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What the Eucharist Teaches us About the Moral Life

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Every rite, ritual, discipline and devotion of the Catholic Church is ordered by and around the Eucharist, which the Second Vatican Council calls the “source and summit of the whole Christian life” (Lumen Gentium 11). The Catechism of the Catholic Church (CCC) further underscores that “the moral life finds its source and summit in the Eucharistic sacrifice” (CCC 2031). These are not mere academic observations, but rather calls for intentional devotion to the celebration of the Eucharist in all its richness, beauty and grace.

When we contemplate the Eucharist, our minds are typically drawn to one or both of two characteristics. Most immediately, the Eucharist is the perpetuation of the crucifixion of Christ through time. In its continuous participation in the atoning death of Christ, the Eucharist makes that sacrifice present to us in a real, albeit mysterious, way. Christ on the cross at Golgotha is Christ on the altar at Mass. He is “really present” in one place for all time.

A second prominent understanding is that the Eucharist is a “love feast,” as it was called in the early Church. It draws the disciples of Christ around a common table. The Eucharist challenges us to overcome differences in national, linguistic and demographic characteristics, making us one in Christ who saves us. We are all in need of salvation and united by the Eucharist in which this is accomplished. The Eucharist is both the means of our salvation and the sign of Christian unity.

We might call these aspects the “soteriological” meaning of the Eucharist, from the Greek word for “salvation.” As the perpetuation of the saving death of Christ, the Eucharist is at the center of our hope for the forgiveness of sin and our hope of eternal life. These theological understandings of the Eucharist are right and proper, and we do well to affirm and emphasize both in our Eucharistic devotion.


In addition to these characteristics of Eucharistic theology, however, we should take into consideration the moral meaning of the Eucharist. Yes, it is the summit of faith and the source of salvation; but as such it is a rich source of moral reflection and means of moral development.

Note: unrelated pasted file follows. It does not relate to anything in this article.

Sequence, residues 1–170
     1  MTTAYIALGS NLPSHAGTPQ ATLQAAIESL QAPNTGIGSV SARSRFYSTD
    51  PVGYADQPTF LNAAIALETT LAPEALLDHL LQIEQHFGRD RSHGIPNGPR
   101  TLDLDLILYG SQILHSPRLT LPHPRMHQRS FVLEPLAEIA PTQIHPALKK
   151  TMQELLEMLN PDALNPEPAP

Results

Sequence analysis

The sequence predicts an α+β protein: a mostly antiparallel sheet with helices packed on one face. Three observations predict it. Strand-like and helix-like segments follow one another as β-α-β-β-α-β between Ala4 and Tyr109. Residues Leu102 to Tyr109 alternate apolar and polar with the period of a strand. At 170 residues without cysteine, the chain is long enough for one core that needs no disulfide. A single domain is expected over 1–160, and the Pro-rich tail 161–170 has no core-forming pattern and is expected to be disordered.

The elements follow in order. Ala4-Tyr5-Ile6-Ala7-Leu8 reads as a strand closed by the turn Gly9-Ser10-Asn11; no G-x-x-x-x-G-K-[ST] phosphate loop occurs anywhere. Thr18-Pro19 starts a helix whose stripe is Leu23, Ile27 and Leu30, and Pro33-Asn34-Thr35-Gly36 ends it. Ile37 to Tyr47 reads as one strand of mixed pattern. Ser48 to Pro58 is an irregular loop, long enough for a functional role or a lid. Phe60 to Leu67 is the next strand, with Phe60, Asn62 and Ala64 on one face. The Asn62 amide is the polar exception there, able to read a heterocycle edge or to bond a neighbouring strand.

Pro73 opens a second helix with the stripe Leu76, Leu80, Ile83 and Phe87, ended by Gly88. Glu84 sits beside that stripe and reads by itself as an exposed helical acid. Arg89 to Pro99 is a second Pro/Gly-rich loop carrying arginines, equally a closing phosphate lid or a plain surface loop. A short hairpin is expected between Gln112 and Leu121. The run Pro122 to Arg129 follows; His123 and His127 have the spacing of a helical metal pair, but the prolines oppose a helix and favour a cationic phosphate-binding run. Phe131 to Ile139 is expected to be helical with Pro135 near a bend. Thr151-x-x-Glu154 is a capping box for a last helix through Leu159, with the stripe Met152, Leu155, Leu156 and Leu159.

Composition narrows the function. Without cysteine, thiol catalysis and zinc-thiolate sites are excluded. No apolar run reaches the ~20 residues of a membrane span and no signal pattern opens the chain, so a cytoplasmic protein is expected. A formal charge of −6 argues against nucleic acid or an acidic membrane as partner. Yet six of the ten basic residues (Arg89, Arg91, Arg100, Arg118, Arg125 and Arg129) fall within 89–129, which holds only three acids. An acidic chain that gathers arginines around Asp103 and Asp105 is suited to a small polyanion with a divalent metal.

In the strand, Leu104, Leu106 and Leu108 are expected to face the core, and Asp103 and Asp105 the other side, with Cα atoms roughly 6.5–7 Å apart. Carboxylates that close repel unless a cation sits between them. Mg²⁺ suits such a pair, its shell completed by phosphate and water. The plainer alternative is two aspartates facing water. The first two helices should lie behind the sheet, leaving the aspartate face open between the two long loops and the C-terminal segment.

As a threshold matter, the Eucharist reminds us that Catholic moral theology is primarily concerned with the kind of people we are, not the things we do. We emphasize the formation of a certain kind of person, rather than dictating lists of proscriptions. We begin with virtues, not rules. Those virtues are formed as we develop the habits and practices of discipleship, in imitation of Christ.

This is not to say that our actions are unimportant. Indeed, habits are an essential aspect of growing in virtue. But we emphasize virtue over rules because our concern is with the formation of souls, not keeping rules. One can keep rules without being virtuous. But if one is virtuous, one will consistently keep the rules. Put another way, obedience follows virtue; but virtue does not necessarily follow obedience.

Thus, of course, the Eucharist does not give us a list of things we must do. Rather it calls us to order our souls around Christ’s sacrificial self-gift, His selfless offering. We eat and drink the Body and Blood of Christ in obedience to His command. But before we consume the Eucharistic feast, we observe the sacrifice. And what we observe is the example for our own intentional offer of service to one another. “If any man would come after me,” says our Lord, “let him deny himself, take up his cross and follow me” (Mt. 16:24). And when Christ calls us “to be perfect as [our] heavenly father is perfect” (Mt. 5:48), he shows us what that means in the sacrifice of the Mass, the Eucharistic feast of self-gift.

On Holy Thursday 2003, Pope St. John Paul II summarized this feature of the Eucharist in his encyclical, Ecclesia de Eucharista (EE). In the Eucharist, the pope explained, the Church “discovers the full manifestation” of Christ’s boundless love (EE, 1). As such, the Eucharist is the center of our own moral training and discipline. “Every commitment to holiness, every activity aimed at carrying out the Church’s mission, every work of pastoral planning, must draw the strength it needs from the Eucharistic mystery and in turn be directed to that mystery as its culmination” (EE, 60).

The sacrifice of Christ in the Eucharist is not only the means of our salvation, but also the source of our moral lives. To the extent that we fall short—to the extent that we fail to love one another—the Eucharist is the means by which we may overcome. Thus, devotion to the Eucharist is not an avoidance of moral action, but the model for it. As Pope St. John Paul II summarizes, “Were we to disregard the Eucharist, how could we overcome our own deficiency?” (EE, 60).

Dr. Kenneth Craycraft holds the James J. Gardner Chair of Moral Theology at Mount St. Mary’s Seminary & School of Theology. He is the author of Citizens Yet Strangers: Living Authentically Catholic in a Divided America (OSV 2024).

This article appeared in the June 2024 edition of The Catholic Telegraph Magazine. For your complimentary subscription, click here.

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